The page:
Broussard (LA) Fire Department Dedicates Two New Trucks to Fallen Heroes

Broussard (LA) Fire Department/Facebook Photo

Megan Wyatt

The Advocate, Baton Rouge, La.


Oct. 22—The newest fire engines in Broussard don’t just have all the bells and whistles. They also have a whole lot of heart.

Each of the two new trucks, dedicated Wednesday evening, is named for a fallen firefighter of the Broussard Fire Department.

“We are honoring our fallen heroes,” Mayor Ray Bourque said. “May their spirits always be here, looking over and protecting our fire department, its personnel and our great city.”

Engine 24 is dedicated to Rhian “Queb” Quebedeaux, who worked at the department 11 years before dying from a massive heart attack in 2019. Engine 27 is dedicated to Richard “Ricky” Vice, who worked at the Fire Department for 21 years before dying from complications of cancer in 2012.

The engine dedicated to Quebedeaux arrived later than anticipated after hitting a deer about 45 minutes after leaving the factory for Broussard. Deputy Fire Chief Justin Denais became emotional during Wednesday’s dedication ceremony as he recalled Quebedeaux’s love for deer hunting.

“The only thing we could think of was Rhian’s playing with our emotions, Queb is playing with our emotions,” Denais said. “So Queb’s going to ride out with us for the duration of that truck’s life.”

Quebedeaux spent time alongside Broussard firefighters long before he officially joined the department in 2008. He was known as the go-to guy and as the best cook before he died in 2019 at the age of 42.

“If you look at every one of these firemen when I say ‘his chicken fricassee,’ every one of them is going to smile,” Denais said. “You will never eat another chicken fricassee like Rhian Quebedeaux could cook. It was definitely, by far, the best we ever had.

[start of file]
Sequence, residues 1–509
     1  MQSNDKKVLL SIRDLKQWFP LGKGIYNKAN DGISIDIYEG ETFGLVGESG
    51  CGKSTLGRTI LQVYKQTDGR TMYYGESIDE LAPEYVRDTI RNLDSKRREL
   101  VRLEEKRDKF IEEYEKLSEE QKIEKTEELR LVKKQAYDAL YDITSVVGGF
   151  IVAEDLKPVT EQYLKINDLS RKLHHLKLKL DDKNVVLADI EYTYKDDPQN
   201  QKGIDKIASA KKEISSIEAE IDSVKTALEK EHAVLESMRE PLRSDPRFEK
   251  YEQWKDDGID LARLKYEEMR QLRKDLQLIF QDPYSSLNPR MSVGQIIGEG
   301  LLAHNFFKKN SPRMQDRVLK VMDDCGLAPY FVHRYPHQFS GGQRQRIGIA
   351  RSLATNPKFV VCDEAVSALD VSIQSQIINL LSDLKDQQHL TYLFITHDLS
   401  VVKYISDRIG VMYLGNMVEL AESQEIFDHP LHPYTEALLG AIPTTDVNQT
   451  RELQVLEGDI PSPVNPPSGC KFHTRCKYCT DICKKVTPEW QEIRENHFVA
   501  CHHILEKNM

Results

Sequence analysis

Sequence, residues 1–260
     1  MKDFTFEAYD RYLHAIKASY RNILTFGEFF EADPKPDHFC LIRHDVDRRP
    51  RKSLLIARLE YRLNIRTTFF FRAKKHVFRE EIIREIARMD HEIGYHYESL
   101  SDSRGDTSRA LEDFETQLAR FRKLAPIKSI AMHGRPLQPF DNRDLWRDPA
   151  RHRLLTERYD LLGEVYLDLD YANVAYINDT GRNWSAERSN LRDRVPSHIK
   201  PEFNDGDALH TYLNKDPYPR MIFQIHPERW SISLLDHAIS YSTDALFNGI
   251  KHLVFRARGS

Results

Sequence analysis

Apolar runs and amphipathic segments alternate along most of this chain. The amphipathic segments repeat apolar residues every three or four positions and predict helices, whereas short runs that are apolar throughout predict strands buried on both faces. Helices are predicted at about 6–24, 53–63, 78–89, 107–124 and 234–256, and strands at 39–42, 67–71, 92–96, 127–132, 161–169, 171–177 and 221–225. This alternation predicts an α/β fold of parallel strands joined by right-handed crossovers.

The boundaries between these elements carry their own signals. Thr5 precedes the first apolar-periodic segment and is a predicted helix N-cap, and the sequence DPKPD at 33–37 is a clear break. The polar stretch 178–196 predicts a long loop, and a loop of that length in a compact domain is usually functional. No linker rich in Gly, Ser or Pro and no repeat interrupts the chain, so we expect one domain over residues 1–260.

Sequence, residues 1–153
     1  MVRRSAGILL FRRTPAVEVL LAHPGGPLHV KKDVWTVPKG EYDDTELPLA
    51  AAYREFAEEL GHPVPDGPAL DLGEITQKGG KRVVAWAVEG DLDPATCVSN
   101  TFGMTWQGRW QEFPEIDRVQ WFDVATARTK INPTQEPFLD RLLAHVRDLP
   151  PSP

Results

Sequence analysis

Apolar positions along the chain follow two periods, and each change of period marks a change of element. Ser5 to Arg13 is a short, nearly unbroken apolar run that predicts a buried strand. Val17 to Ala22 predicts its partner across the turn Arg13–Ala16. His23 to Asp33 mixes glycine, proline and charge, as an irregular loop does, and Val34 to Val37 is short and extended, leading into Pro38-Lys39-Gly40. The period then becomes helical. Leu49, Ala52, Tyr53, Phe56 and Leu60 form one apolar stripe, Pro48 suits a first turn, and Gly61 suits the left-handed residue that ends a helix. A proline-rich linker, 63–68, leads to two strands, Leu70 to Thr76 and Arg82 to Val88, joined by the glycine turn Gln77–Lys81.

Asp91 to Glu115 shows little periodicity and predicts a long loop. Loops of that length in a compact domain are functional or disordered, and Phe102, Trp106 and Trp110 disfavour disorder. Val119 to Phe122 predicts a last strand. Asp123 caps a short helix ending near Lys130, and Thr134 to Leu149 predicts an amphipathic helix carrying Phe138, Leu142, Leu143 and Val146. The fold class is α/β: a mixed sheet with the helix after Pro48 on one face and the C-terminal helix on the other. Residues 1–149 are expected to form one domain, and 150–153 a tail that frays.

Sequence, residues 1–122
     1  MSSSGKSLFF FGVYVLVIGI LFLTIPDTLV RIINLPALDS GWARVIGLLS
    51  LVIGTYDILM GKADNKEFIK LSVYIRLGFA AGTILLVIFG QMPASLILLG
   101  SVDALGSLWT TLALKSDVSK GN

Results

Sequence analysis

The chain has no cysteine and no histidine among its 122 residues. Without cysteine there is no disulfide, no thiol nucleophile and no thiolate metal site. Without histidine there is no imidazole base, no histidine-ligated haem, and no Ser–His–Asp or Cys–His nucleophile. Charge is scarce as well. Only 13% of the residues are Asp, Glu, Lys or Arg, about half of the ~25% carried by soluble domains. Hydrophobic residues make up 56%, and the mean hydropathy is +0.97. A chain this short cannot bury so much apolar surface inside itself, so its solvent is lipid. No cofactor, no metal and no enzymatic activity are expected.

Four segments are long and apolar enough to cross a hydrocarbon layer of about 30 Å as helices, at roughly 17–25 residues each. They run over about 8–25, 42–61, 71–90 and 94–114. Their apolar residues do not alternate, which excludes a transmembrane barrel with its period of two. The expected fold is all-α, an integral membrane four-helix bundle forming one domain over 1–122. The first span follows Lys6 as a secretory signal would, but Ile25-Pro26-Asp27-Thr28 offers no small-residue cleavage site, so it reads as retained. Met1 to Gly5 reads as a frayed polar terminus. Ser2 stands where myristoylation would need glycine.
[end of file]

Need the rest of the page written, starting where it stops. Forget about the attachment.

Quebedeaux’s wife, Kasie, said her husband only ever drove one fire engine, No. 24, during his years as a Broussard firefighter. The new Engine 24 now is named for him.

“I’m honored that my late husband’s name has been placed on Engine 24 in a city that he grew up in and in a city that we love,” Kasie Quebedeaux said. “I know that each time we pass this truck, our girls will know that their daddy is a part of it, and there is no doubt in my mind that they will come to the fire station more often just to see their dad’s truck.”

Maxine Short, Vice’s sister, said her brother used to say the fire department was like his family.

“I never understood any of this until he passed and I saw for myself what he meant,” Short said at the ceremony. “Everyone here was there for me and my family when we needed.”

Vice joined the fire department in 1991. Years later, he was diagnosed with cancer but continued to work as a firefighter for as long as he physically could. Vice died in 2012 at the age of 50.

“He was definitely a fighter,” Denais said. “He fought through it. He suffered.”

Denais said he distinctly remembers working a structure fire alongside Vice during his battle with cancer. Denais and other firefighters voiced their concern for his wellbeing, but Vice chose to stay on the scene of that fire for about 14 hours. Now, his name is on the new Engine 27.

“Although the department continues to evolve, Ricky’s legacy will continue to be carried with us,” Denais said. “Every time this truck leaves the station, Ricky’s going to be on it.”

The Fire Department’s honor guard led a symbolic bell ceremony for Vice’s and Quebedeaux’s service and presented plaques to their families during Wednesday’s event. The Rev. Andy Tribe, a retired firefighter and pastor of Youngsville Community Church, blessed the fleet.

Afterward, about two dozen people — including current and retired firefighters — placed a hand on the new engines for the traditional push-in ceremony as they were backed into the station’s bay.

The Broussard City Council approved the purchase of two $550,000 engines last year. Council Member Kenny Higginbotham commended the firefighters for their work during Wednesday’s dedication as he recalled a recent fire in his neighborhood.

“As the victims or the residents of the house were fleeing the scene, all these people here were running to the house,” Higginbotham said. “And it was amazing to watch them go. Very professional. And I couldn’t be more proud of these dedicated men and women.”


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